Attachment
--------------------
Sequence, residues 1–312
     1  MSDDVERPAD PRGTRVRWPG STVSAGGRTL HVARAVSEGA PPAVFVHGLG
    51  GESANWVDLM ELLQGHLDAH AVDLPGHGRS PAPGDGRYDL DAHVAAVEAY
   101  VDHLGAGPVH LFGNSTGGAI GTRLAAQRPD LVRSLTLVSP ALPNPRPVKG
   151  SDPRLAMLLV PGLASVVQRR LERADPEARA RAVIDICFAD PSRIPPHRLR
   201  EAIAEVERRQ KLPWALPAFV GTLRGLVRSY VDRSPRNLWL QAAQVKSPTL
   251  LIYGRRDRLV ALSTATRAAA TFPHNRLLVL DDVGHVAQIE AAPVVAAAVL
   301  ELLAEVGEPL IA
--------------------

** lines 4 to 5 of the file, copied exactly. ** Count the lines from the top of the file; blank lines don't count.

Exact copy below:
   101  VDHLGAGPVH LFGNSTGGAI GTRLAAQRPD LVRSLTLVSP ALPNPRPVKG
   151  SDPRLAMLLV PGLASVVQRR LERADPEARA RAVIDICFAD PSRIPPHRLR